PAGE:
Here's the second issue of Bad Day At The Plastic Mines. I appreciate zines that are unpredictable. Rather than poetry, this time out Shawn begins his list of his personal 25 favorite punk songs of all time. Again, Bad Day At The Plastic Mines is a single sheet folded into thirds, an effective and simple format. This isn't "my" music, but this is someone's music ... and the reviews are clear and well written. Check out

Thursday, September 12, 2013

Confessions of a Type 40 by Stephen J. Lazotte

Complete disclosure: Stephen is my son - so there's probably a fair amount of bias in this review. Aw heck, just surf on over to for more info & consider supporting his efforts by ordering a copy.

The good news is: Confessions of a Type 40 is ... and I'm being my most objective self here ... a zine worth supporting. It's handmade, includes a heartfelt introduction, some haiku and poetry, and an insightful personal essay titled Mortar. Then - things get weird when Ida May Taylor's parable Mousey Be True Meets Harold Bunny appears (bring on the Jesus People!) but  ... what are zines for, if not to experiment?

Confessions of a Type 40 is also Doctor Who related / inspired - so if you're a Whovian, this zine will bring a smile to your face. Stephen promises future zine projects so let's hold his feet to the fire on this one.

Saturday, September 7, 2013

Two Quick Reviews

Heartbreak City
half-letter / 44 pages

Unfortunately, there is a lot of heartbreak in the world - everyone has a story, or dozens of stories of being heartbroken. That's why this is a hefty zine with numerous contributors and stories of relationships that took a sharp turn, or sometimes fell quietly into decline. There's a wide range of writing styles & it's all high quality.

For something on the lighter side I suggest Kari Tervo's Shards of Glass in Your Eye #10. Ten issues! A milestone, which is better than a millstone anyday.

This issue brims with Kari's wit and celebrity sightings (which must be an occupational hazard). Sometimes I'm glad I live in New Hampshire where we only get Steven or Liv Tyler sightings. Oh, and once I saw Tiny Tim checking into a hotel carrying his ukelele. Before he was dead. 

One of the cool things Kari is doing is spearheading (ouch!) an effort called Zines For Troops for active duty military and veterans. This is a very cool idea - send your zines to Kari Tervo - Zines for Troops - PO Box 7831 Beverly Hills CA 90212.

Watch out for the public speaking smackdown!

Thursday, September 5, 2013

Zine Review: Cheer the Eff Up #5

Cheer the Eff Up #5
56 pages  / digest / $3 or best offer :-) 
PO Box 633
Chicago IL 60690

Fathering has become a conundrum in our culture. Or maybe it always has been. Some of us were raised by emotionally distant, and often indifferent, fathers (if we had a father at all). As boys we never got what we needed for masculine connection, guidance and love. A great number of men in this culture have just given up on being mature, caring, active role models for children – too distracted by careers, addictions, or their own feelings of inadequacy and abandonment.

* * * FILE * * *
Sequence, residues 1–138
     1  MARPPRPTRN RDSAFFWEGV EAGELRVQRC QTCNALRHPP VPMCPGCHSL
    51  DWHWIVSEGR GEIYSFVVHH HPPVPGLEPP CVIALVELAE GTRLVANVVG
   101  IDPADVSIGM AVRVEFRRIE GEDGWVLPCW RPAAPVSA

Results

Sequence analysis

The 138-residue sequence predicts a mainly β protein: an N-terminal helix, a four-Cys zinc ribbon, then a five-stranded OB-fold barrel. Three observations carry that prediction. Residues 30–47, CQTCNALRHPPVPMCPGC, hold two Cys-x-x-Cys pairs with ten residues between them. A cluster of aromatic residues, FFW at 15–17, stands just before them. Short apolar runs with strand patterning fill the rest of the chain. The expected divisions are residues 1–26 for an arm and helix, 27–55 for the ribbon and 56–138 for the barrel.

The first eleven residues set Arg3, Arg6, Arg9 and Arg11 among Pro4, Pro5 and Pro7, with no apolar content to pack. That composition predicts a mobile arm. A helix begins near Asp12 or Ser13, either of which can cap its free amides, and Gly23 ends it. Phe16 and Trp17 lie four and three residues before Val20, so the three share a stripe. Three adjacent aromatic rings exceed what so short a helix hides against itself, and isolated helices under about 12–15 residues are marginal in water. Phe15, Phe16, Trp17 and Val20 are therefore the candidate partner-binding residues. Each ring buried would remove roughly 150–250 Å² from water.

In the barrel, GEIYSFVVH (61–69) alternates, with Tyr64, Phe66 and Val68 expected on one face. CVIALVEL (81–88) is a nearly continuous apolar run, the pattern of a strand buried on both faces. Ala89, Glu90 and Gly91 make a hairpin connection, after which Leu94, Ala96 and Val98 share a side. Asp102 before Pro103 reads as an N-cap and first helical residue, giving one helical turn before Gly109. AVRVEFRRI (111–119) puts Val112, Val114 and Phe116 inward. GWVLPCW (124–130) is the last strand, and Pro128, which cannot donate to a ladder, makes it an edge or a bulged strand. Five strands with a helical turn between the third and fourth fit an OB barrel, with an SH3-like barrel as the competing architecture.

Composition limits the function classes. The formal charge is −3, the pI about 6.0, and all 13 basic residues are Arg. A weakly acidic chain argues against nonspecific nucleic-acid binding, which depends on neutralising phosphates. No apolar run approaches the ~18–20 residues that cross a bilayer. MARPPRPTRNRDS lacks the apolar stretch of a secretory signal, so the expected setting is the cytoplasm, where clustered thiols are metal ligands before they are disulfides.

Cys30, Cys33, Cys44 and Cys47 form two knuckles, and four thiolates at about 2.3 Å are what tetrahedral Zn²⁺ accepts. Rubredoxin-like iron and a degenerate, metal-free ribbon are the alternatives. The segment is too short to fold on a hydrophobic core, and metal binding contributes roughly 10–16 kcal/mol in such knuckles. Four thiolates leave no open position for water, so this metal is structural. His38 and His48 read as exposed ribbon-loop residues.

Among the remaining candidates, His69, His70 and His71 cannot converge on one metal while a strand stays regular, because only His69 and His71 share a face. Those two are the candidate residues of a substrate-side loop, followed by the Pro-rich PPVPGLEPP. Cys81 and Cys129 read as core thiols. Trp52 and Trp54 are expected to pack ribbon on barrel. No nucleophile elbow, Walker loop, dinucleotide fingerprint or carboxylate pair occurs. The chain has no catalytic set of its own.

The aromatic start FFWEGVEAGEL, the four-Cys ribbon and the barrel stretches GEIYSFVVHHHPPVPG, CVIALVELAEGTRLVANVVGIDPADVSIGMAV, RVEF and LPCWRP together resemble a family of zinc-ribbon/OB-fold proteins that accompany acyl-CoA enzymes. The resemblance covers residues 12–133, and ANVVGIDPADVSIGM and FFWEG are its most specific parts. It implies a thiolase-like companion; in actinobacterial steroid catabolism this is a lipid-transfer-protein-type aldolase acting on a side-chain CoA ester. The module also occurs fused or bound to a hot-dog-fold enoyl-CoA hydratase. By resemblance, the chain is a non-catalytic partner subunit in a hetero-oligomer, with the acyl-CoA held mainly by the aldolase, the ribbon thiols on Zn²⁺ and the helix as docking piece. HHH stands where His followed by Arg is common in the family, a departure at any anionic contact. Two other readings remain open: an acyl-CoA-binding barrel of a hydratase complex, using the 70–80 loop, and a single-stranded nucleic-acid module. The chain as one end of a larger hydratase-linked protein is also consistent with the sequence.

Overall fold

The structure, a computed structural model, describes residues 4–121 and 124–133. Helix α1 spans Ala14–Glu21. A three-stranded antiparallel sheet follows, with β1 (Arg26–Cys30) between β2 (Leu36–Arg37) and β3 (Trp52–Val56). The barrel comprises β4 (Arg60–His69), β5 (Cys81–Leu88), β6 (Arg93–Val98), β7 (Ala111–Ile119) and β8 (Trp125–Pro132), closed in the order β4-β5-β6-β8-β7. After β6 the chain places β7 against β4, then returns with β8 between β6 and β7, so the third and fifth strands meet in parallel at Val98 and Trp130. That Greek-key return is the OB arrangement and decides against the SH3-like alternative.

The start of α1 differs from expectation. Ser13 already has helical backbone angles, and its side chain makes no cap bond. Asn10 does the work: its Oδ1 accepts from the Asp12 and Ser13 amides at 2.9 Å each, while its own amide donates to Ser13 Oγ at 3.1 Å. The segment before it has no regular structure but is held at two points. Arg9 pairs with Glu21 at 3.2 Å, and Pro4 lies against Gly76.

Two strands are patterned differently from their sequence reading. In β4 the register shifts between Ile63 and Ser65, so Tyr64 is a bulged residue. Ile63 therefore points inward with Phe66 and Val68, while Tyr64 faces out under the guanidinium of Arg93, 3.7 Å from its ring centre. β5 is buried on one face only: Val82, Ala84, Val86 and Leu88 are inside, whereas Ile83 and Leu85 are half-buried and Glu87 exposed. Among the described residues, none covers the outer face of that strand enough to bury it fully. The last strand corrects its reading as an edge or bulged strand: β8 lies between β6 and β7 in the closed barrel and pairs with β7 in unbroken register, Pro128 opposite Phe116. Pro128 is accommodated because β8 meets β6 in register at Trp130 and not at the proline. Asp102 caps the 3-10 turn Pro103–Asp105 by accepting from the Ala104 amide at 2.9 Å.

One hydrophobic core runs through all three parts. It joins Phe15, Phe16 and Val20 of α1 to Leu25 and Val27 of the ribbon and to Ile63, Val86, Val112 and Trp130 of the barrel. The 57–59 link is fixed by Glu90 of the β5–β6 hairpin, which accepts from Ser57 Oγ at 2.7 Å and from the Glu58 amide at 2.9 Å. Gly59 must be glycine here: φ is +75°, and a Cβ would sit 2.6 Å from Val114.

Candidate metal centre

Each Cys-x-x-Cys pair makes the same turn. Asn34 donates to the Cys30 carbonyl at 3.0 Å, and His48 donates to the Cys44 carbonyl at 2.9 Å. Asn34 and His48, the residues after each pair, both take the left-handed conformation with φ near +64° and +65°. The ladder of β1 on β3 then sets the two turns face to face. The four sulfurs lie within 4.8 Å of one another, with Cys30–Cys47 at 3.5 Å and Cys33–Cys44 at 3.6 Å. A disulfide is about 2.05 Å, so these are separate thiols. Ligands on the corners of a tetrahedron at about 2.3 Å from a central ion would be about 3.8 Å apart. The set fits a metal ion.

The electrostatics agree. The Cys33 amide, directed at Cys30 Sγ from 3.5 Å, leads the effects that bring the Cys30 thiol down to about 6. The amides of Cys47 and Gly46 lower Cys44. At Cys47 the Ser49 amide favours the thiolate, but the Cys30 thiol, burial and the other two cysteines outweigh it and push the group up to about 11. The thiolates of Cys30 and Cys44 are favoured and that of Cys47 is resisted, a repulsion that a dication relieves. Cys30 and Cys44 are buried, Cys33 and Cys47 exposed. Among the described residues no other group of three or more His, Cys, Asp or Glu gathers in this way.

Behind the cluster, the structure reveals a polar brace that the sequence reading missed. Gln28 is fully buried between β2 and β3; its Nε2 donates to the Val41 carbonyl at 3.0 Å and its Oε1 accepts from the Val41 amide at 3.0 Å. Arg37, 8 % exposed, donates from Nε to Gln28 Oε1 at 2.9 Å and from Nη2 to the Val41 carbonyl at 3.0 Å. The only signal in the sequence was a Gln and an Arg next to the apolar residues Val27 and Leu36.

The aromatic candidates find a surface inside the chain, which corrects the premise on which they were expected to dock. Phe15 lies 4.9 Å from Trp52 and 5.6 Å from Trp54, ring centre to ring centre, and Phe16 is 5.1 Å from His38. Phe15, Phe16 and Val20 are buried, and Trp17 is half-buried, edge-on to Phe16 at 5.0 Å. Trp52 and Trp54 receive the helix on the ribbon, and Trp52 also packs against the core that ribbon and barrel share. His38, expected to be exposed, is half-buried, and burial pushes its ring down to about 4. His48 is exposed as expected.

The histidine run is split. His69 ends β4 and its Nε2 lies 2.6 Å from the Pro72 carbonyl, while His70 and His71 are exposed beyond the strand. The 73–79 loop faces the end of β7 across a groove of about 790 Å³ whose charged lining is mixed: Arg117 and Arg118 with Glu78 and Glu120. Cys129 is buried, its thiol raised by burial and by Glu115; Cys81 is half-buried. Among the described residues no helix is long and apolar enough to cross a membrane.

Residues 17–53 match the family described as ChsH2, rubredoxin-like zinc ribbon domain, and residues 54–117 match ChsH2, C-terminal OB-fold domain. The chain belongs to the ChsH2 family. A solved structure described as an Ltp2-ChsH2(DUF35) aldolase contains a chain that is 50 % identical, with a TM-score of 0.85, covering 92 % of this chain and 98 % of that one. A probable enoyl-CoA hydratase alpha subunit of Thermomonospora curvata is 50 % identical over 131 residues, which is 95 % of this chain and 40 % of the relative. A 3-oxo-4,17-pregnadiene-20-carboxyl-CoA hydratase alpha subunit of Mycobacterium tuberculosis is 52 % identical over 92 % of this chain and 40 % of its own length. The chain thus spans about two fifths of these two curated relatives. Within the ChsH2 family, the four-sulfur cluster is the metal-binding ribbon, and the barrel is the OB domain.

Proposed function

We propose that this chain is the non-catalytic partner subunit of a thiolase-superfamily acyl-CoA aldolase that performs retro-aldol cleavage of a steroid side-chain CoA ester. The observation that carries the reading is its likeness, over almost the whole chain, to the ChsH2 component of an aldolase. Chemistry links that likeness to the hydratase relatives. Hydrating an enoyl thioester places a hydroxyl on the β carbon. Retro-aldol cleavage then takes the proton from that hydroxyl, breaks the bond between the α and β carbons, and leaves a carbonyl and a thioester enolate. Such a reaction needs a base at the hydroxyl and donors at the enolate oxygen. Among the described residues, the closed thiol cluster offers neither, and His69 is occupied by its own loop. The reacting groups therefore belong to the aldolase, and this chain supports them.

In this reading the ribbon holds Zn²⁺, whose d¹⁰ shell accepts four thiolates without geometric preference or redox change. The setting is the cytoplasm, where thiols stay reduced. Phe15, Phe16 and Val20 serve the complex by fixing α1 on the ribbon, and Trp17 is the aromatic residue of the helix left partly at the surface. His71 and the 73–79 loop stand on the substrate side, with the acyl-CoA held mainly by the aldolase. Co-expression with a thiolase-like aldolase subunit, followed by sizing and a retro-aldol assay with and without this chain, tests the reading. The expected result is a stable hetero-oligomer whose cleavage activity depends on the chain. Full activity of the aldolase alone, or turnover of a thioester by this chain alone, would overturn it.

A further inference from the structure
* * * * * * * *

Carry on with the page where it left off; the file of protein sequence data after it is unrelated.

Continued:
The premise of Cheer the Eff Up is Jonas writing to his child in the future – in hopes that he can reveal truths and perspectives to his child, like a time capsule snapshot of “this is how it is was / is now”. So many children don’t have a clue or understand their parent’s journeys. Many children (my adultlings for example, all in their 30s) don’t seem to want to understand their parents. Yet this is how we grow as human beings – by embracing our parents for who they are, not by ignoring them, denying them, or living with some fantasy we have of them as tyrants or saints. There is always more to our parents than what we think.

You could zero in on any one of the chapters in Cheer the Eff Up and relate to what Jonas is talking about. I’ve never been to a punk show, for example, but I’ve been to concerts and events where I’ve been the oldest person in the room by a decade or more, and eyed with suspicion and curiosity. I’ve struggled with my identity and found myself at a loss to describe myself. I’ve often wondered what I can say to my children and grandchildren to help them understand where they came from, who their father is inside, and the hopes I have for them finding their own paths.

Cheer the Eff Up is potent and powerful. Thank you, Jonas. 

Monday, September 2, 2013

Zine Review: An Antidote to Indifference #6

An Antidote to Indifference Issue 6
full sized / full color 34 pages

 On occasion, a title accurately expresses the essence of a zine – this zine is definitely an antidote to indifference, apathy, and lethargy. Subtitled “a field recording special”, issue six is an exploration of numerous aspects of the art of field recording, using the love of capturing natural / environmental sound as a springboard for other musings and diversions.

The world of sound is essential to me as a DJ, and I have loved field recordings since hearing old Tony Schwartz records on Folkways. Tony lived in New York City in the 1950’s and 1960’s and documented his neighborhood through thousands of hours of tapes with everyday people doing everyday things. Tony left a body of work that captured community life in a way that no photograph, film, or book could.

An Antidote to Indifference is a feast of scholarly and more casual essays. Des Coulam writes about the world of Paris in sound and the process of listening attentively. Several sound documenters respond to the question: why field recording? Rick Blything recounts a trip recording the habitat in Northern India. John Kannenberg reveals a sound map of the Egyptian Museum, Cairo. There are book reviews, vivid artwork, and meditations on listening in a world where we are overwhelmed with distractions.

Some zines invite you to read them repeatedly, revealing ever-absorbing minute details. I’ll be revisiting An Antidote to Indifference. Connect with the world around you. Be fully present. Get away from the screen and into nature. Listen. 

Sunday, September 1, 2013

Zine Review: Bad Day At The Plastic Mines #1

Bad Day At The Plastic Mines #1 is an 8 X 11 sheet of paper folded into thirds (three columns), a simple and effective format for an extended poem "A Wolf Crying Wolf" by Shawn Abnoxious. I love poetry & write poetry but don't often review poetry because it is such a subjective artform. This specific poem feels autobiographican, philosophical, edgy and surreal. It is full of symbolism, allusions and references to modern culture. It's similar energetically to poetry that writers like Allen Ginsburg pioneered back in the 1950's. That's not to say that "A Wolf Crying Wolf" isn't original - it is, powerfully so.

The cover price on this zine is $1. I hope Shawn produces further editions. Contact for more information.